We’re supposed to spend our formative years on dancefloors, moving to rhythms of tracks we connect with in the moment. It’s virtually a rite of passage upon legal drinking age (or thereabouts…) to hit the clubs and make them our homes post-midnight on nights out. It’s just the way it is, and the debut album, ‘Actual Life (April 14 – December 17 2020)’, from Fred again.. captures exactly that.
This electro-pop album is just what we should all be prescribed while we’re yearning for the sticky staircases that trail into our favourite clubs. The interim period we’re presently in might allow us to sip pints in beer gardens, though we’re still months away from the dancefloors being open. So near, yet so far. And that’s why having this new record from Fred again.. to spin is such a tonic.
Feelings of being frayed from society since the pandemic struck are covered. We’ve been forced to become disenfranchised from our favourite places — namely Distrikt for me, if we’re talking clubs promising top-tier DJ sets — and settle for the sofa instead. We all empathise and sympathise with people’s situations and the devastation the virus has caused, but that doesn’t mean we can’t confess it’s been pretty rubbish without our usual weekend outlets. So, I’m chuffed we’ve now got this groovy, house-infused time capsule of electronic material to get us through the next stint…
The album opens with garbled thoughts on ‘April 14th 2020’, which is a well-curated juxtaposition to the contrasting ‘December 17th 2020’, the track that draws everything to a neat close while registering that it “feels like it might be over soon”. If only…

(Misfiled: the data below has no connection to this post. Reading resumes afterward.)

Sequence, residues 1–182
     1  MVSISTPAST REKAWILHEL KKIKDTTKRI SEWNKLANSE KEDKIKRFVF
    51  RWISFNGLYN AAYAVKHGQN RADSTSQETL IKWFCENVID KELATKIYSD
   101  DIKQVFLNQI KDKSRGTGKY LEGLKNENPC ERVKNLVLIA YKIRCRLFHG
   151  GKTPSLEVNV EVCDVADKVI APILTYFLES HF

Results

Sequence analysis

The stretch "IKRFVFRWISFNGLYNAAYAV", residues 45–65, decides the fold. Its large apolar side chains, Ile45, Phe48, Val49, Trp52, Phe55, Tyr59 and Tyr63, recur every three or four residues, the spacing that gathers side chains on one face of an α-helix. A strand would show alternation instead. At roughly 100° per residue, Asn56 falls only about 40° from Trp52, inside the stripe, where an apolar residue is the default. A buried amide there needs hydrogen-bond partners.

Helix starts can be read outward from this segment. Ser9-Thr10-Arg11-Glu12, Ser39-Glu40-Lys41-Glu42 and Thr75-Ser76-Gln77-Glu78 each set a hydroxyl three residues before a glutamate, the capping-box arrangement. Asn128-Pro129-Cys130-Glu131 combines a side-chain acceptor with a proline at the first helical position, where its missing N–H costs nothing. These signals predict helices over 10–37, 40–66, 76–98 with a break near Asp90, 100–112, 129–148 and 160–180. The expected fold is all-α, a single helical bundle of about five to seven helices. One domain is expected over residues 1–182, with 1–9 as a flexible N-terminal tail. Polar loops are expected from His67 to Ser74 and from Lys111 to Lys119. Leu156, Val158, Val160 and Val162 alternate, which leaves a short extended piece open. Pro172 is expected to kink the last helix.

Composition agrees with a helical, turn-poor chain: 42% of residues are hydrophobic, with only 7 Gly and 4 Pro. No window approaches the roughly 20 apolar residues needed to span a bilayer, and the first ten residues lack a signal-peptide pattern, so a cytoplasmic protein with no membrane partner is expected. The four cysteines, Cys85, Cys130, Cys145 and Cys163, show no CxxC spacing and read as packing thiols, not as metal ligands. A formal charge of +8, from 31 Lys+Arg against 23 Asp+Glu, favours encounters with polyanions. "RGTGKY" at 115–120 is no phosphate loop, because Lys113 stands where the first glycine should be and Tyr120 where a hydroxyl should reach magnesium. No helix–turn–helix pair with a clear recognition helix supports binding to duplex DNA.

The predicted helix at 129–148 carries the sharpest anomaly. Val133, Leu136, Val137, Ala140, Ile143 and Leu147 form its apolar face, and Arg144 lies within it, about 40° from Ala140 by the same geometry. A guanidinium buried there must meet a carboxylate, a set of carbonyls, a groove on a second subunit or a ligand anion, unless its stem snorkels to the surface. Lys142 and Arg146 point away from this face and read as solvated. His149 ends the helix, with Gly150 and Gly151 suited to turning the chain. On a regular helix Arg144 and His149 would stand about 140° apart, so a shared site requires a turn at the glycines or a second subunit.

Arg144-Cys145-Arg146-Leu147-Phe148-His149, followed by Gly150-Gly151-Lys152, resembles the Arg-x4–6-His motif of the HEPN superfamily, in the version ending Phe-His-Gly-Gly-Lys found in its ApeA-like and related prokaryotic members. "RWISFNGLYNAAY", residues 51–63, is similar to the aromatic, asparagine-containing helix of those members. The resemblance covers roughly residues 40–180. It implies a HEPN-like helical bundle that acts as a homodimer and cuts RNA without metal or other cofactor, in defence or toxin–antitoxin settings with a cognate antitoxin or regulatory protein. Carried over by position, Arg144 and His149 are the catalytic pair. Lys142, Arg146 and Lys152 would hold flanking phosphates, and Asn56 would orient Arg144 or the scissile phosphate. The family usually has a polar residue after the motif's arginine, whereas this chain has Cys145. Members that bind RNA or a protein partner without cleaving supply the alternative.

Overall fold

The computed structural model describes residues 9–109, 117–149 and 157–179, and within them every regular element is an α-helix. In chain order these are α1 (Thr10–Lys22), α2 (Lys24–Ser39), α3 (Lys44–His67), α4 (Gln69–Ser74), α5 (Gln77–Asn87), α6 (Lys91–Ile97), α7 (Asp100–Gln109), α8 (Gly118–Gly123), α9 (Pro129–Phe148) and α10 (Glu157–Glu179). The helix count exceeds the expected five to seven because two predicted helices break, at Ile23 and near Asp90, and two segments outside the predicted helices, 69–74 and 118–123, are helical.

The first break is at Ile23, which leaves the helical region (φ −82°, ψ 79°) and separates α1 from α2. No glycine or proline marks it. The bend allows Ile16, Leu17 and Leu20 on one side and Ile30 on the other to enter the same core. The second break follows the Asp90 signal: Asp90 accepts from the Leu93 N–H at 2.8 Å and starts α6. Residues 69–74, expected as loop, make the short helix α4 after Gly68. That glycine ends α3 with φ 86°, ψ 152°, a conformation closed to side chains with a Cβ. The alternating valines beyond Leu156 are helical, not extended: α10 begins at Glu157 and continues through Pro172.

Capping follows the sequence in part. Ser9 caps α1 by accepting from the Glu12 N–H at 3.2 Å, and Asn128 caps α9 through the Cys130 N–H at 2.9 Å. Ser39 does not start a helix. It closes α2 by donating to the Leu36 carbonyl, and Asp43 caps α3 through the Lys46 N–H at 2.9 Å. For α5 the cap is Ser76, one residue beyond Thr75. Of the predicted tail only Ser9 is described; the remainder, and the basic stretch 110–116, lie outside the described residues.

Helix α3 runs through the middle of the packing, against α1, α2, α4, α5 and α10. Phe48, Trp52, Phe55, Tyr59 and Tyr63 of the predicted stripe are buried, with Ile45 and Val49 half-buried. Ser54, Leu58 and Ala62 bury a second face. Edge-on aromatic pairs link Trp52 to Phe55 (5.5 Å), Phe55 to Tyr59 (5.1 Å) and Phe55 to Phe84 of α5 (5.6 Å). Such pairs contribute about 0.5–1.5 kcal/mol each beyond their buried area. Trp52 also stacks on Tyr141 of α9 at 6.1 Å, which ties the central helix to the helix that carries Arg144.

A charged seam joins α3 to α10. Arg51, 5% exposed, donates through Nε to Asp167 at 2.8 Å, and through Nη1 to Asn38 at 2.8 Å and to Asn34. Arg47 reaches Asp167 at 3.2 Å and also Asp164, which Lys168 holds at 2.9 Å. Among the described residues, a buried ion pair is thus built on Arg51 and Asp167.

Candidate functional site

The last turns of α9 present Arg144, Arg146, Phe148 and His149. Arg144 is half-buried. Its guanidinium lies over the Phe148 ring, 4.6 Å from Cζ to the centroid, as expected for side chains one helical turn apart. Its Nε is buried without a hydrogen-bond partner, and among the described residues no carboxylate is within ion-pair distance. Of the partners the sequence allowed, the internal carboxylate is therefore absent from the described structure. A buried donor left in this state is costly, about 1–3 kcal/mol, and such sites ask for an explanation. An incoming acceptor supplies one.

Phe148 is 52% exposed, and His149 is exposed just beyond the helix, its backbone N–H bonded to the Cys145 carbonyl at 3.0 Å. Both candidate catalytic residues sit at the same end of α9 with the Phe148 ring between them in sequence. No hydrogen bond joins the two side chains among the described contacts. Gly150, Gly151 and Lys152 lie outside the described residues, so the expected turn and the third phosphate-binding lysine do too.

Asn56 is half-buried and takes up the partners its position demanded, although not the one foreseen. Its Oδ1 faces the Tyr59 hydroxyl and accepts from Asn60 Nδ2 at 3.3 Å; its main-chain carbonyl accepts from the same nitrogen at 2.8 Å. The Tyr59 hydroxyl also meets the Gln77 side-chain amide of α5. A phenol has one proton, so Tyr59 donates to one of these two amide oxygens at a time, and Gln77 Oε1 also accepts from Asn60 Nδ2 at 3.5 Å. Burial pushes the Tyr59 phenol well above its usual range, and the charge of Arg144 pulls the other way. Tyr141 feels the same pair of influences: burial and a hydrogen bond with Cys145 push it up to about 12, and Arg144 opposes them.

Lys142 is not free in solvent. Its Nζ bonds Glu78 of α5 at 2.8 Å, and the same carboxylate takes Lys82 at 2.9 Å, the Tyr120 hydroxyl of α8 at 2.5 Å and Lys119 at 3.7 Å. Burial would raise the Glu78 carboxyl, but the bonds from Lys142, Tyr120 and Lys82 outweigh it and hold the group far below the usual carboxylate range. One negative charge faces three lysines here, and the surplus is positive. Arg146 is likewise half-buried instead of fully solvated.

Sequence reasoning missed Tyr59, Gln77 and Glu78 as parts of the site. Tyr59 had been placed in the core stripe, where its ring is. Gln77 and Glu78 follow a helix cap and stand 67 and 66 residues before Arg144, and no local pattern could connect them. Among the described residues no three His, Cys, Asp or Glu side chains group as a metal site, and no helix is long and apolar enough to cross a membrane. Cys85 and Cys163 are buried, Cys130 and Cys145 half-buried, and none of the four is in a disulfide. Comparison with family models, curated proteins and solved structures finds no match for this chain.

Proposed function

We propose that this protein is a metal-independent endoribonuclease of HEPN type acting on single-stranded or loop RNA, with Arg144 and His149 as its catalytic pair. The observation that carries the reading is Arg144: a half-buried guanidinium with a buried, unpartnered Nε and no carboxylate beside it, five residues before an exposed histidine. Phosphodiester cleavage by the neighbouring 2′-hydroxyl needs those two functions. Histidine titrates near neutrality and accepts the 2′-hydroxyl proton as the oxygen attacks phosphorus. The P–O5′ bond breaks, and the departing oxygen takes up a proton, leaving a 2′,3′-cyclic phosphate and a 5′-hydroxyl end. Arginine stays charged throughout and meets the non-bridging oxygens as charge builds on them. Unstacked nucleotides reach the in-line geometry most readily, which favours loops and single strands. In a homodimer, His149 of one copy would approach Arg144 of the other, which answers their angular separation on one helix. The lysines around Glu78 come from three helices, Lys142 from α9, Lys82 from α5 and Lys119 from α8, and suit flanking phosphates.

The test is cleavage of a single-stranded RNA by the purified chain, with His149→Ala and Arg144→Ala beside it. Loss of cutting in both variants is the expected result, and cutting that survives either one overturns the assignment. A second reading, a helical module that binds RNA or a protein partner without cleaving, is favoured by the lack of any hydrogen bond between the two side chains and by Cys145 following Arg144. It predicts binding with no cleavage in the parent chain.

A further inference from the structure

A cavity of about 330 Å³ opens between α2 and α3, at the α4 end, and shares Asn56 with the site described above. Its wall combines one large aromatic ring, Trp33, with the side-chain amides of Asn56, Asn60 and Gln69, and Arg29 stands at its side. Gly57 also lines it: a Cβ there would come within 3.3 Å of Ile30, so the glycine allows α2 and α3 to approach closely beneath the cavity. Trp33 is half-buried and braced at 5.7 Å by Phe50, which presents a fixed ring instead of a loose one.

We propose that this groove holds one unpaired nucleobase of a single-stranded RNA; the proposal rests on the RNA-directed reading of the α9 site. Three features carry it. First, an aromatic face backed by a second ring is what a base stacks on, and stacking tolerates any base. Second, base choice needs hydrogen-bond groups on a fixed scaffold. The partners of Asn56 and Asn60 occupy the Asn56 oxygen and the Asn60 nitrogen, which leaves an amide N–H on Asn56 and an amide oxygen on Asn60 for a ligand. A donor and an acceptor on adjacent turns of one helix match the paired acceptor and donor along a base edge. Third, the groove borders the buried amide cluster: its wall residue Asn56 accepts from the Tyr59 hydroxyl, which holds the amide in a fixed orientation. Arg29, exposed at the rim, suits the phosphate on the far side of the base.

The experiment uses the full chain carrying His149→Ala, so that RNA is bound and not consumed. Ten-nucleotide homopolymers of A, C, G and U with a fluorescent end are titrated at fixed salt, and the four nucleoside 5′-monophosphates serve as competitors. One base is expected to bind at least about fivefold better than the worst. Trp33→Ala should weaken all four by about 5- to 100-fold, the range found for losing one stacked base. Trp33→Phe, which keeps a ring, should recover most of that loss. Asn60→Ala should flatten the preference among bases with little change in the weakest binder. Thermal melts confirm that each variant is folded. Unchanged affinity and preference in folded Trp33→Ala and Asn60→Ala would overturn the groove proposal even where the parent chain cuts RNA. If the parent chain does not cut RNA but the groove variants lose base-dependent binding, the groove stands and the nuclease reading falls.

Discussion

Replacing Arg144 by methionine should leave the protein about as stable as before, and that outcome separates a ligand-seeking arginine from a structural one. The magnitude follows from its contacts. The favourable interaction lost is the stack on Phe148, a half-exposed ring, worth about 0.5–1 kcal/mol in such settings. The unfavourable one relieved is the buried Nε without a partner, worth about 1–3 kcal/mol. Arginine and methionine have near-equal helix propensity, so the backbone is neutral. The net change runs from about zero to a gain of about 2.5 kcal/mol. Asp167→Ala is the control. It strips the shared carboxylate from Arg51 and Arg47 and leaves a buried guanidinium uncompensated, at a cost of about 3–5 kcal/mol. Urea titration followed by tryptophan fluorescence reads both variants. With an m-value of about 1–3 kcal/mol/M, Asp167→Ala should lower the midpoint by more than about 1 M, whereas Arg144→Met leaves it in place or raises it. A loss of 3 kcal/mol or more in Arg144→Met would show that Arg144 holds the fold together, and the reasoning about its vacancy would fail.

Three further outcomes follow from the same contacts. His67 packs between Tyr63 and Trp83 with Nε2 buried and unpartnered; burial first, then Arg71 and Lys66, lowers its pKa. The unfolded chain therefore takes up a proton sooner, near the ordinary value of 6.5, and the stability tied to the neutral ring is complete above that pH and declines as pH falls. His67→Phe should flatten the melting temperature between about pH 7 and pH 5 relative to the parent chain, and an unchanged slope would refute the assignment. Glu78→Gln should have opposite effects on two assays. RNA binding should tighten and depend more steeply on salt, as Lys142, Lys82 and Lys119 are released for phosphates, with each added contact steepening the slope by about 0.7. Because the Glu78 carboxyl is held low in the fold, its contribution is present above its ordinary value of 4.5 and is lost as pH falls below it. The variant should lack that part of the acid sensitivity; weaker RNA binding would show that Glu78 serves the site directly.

Before the record completely ends, though, you get the uptempo but reflective ‘Marea (We’ve Lost Dancing)’. The title alone says a lot. In fact, when we’re reminded of all the things we’ve had to give up since the first lockdown, the memories of the last time we properly danced come flooding back. You somehow feel you’re experiencing that all again when you spin this album — the same vibe I get from Bicep’s ‘Isles’. It also makes me regret being a bit late to Flume’s massive Warehouse Project show, as Fred again.. was on as early support.
In any case, the energy of some of these tracks is just spellbinding. The melodic keys go a tropical house level on ‘Dermot (See Yourself In My Eyes)’, while the hip-hop beats of ‘Yasminah (See Your Face Again)’ are sheer funk goodness. It’s soft and kind of wistful, but I can feel myself being lifted off my seat while I’m typing.
But they aren’t the only belters — I get severe night out pangs on ‘Julia (Deep Diving)’, ‘Marnie (Wish I Had U)’ and ‘Sabrina (I Am A Party)’. There are some trippy synths on this record and it’s a joy to find them. And although there are various interludes interwoven, this isn’t a debut that tails off — the hypnotic softness complements the pulsing electronics on ‘Angie (I’ve Been Lost)’, another ripper.
So, here I am, bopping along to Fred again..’s delicious tunes on a Sunday afternoon, pretending it’s 01:13 and I’m swilling a neat whisky around a tumbler on the dancefloor. Surely that means the uber-producer’s done his job here?
If you only download one track, let it be: ‘Dermot (See Yourself In My Eyes)’